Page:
Can you remember the last time that you achieved a work goal where you didn’t have contact with another human being? Some project that didn’t require talking or collaborating or reaching out or checking in or supervising or meeting with other people? Even activities that may seem singular (writing code or preparing spreadsheets) still need to be discussed with others. The one thing all our technology has not replaced (yet!) is building productive relationships to accomplish our objectives.

The trend to focus more on collaboration and relationships is intensifying. Technology is a tool. The core of our work is still about the productive interaction between people.

I’ve been in the business of helping people work well together for a very long time. Team work has been in vogue for decades. So has self awareness (AKA, Emotional Intelligence). We’ve had two generations of workers trained in communication skills, conflict resolution, getting to yes, Myers-Briggs styles, team building and decision making methods. My observation is that some of that training is actually working but not as much as it needs to.

These dynamics exist in many companies that make it difficult to use effective interpersonal skills.

  • Internal rewards and incentives still skew to individual performance. In spite of some effort to reward team objectives the vast majority of metrics hinge on meeting one’s own goals. Bonuses tend to be individual vs. team pay outs. Ratings and promotions are individual. When we structure work this way, no amount of extolling team work will get you that collaborative behavior.
  • More talking and less listening is a hallmark of most organizations. It’s impossible to achieve true collaboration without a good balance between the two. The unspoken norm in most cultures is “s/he who speaks first/loudest/most often is the key influencer”. Focusing on persuading others to a singular point of view is autocratic rather than relational or inclusive.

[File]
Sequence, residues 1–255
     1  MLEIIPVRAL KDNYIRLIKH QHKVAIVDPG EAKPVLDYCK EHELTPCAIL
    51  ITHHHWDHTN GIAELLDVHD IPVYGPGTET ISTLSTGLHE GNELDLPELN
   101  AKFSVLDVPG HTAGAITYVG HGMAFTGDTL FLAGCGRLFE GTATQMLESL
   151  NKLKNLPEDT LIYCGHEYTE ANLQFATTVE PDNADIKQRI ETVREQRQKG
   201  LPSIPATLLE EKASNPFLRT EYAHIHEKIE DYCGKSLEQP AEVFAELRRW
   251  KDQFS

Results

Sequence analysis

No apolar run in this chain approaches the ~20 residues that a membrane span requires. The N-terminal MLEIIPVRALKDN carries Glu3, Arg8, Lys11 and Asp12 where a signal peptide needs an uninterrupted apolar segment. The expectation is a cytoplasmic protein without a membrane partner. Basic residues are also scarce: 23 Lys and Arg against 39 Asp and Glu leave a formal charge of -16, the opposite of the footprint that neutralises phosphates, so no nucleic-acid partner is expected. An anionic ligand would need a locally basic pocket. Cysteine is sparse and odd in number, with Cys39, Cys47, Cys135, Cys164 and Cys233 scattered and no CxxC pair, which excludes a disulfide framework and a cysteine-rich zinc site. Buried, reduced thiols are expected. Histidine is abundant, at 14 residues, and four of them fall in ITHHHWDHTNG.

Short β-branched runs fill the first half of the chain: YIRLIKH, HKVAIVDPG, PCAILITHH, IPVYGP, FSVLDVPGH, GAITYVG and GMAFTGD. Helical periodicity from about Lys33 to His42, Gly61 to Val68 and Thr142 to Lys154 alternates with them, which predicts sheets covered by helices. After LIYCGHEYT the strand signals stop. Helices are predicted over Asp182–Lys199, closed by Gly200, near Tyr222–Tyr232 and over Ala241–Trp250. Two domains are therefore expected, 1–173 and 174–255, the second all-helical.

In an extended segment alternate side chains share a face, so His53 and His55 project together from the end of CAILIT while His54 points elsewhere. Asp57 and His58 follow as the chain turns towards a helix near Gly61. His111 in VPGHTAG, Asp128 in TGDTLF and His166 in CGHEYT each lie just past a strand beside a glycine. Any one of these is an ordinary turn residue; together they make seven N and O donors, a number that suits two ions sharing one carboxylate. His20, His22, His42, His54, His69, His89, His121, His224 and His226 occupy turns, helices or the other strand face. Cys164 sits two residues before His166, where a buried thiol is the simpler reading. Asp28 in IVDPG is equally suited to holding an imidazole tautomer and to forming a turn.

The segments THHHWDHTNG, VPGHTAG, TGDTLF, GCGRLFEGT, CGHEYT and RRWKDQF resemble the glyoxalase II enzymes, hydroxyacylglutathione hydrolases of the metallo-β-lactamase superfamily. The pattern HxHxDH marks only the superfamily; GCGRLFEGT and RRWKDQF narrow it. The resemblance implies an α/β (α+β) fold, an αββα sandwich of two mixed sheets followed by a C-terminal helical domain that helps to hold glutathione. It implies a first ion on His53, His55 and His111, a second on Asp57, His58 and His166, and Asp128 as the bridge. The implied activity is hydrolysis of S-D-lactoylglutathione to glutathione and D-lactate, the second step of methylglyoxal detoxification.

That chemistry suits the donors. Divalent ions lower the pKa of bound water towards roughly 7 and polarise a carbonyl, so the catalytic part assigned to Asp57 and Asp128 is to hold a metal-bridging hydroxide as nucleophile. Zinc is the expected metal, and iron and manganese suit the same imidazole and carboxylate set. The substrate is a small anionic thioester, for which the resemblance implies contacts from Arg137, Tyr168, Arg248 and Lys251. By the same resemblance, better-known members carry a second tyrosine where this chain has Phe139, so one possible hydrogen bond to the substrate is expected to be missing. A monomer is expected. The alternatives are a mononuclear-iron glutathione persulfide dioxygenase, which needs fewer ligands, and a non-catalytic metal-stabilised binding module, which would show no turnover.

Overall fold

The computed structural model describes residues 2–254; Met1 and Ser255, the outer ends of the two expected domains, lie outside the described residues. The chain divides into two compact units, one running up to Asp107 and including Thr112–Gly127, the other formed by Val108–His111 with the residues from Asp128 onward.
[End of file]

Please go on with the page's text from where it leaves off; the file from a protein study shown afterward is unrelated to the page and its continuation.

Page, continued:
• Healthy debate is a rare occurrence in most companies. This requires safety to express opposing or minority opinions, tolerance for disagreement, no premature shutting down of discussion, comfort with tension and ambivalence. These traits are in short supply in most employees and leaders and the cultural norms minimize this degree of discomfort.
  • The best collaborations occur within small teams that come together for a specific assignment and period of time. Members are having fun, respect each other, disagree, don’t have alpha dogs and are riveted on achieving the end goals. They share and follow through on commitments and use the team’s experts. People walk away describing this as the best team experience ever. Sadly, it is not replicated often making it the exception rather than the norm.
  • Interpersonal discussions happen in private and are frequently used to offer “constructive feedback”. All those skill building sessions get used behind closed doors rather than in group settings. People will have conflict, difficult conversations, bonding moments and resolutions out of the public eye. What this does is create an environment where one- on-ones mean bad news while the obvious dysfunctional group behavior goes unchecked. There is no habit of calling out unproductive behaviors when it happens. Someone who is constantly interrupting is rarely told in a meeting to sit back and let someone else speak. But privately that person’s boss will have that talk and apply negative consequences if the behavior doesn’t change. This is a missed opportunity to encourage productive collaboration skills in the team setting.
  • Emotional facades substitute for honest interactions. In some companies you can feel the “we all get along here” mood. In others you experience the open hostility. I’ve seen team work posters all over the walls of organizations that clearly signal “every man/woman for themselves”. I can tell you for sure that there is no such thing as everyone getting along or only extreme aggression or competition in any organization. Again, in small private groups there are much more dynamic discussions taking place and great work is getting done. But that generalized tone, usually set by the CEO and executive team, is the expectation. It becomes an overdrawn caricature that is too uni-dimensional for anyone. That said, everyone publicly marches to the drumbeat.